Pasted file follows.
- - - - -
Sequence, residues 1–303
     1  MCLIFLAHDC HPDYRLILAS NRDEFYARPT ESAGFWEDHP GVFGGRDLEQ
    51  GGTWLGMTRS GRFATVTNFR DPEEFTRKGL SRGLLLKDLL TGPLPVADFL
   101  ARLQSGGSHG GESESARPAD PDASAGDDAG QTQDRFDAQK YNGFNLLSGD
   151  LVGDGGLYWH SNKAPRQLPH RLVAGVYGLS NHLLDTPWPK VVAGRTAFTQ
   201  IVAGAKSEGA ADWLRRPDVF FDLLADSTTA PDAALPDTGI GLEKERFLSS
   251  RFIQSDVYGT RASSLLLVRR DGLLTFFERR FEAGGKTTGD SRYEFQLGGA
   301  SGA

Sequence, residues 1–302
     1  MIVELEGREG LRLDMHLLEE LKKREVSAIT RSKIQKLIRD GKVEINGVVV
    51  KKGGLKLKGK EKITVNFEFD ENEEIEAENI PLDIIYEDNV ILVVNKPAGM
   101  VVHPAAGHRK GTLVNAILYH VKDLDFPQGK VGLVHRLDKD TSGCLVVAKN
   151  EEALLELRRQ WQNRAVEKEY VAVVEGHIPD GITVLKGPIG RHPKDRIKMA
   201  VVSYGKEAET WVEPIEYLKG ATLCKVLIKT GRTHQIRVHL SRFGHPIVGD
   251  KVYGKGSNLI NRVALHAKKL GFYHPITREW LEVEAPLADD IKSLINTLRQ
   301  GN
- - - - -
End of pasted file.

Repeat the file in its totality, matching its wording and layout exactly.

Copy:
Sequence, residues 1–303
     1  MCLIFLAHDC HPDYRLILAS NRDEFYARPT ESAGFWEDHP GVFGGRDLEQ
    51  GGTWLGMTRS GRFATVTNFR DPEEFTRKGL SRGLLLKDLL TGPLPVADFL
   101  ARLQSGGSHG GESESARPAD PDASAGDDAG QTQDRFDAQK YNGFNLLSGD
   151  LVGDGGLYWH SNKAPRQLPH RLVAGVYGLS NHLLDTPWPK VVAGRTAFTQ
   201  IVAGAKSEGA ADWLRRPDVF FDLLADSTTA PDAALPDTGI GLEKERFLSS
   251  RFIQSDVYGT RASSLLLVRR DGLLTFFERR FEAGGKTTGD SRYEFQLGGA
   301  SGA

Sequence, residues 1–302
     1  MIVELEGREG LRLDMHLLEE LKKREVSAIT RSKIQKLIRD GKVEINGVVV
    51  KKGGLKLKGK EKITVNFEFD ENEEIEAENI PLDIIYEDNV ILVVNKPAGM
   101  VVHPAAGHRK GTLVNAILYH VKDLDFPQGK VGLVHRLDKD TSGCLVVAKN
   151  EEALLELRRQ WQNRAVEKEY VAVVEGHIPD GITVLKGPIG RHPKDRIKMA
   201  VVSYGKEAET WVEPIEYLKG ATLCKVLIKT GRTHQIRVHL SRFGHPIVGD
   251  KVYGKGSNLI NRVALHAKKL GFYHPITREW LEVEAPLADD IKSLINTLRQ
   301  GN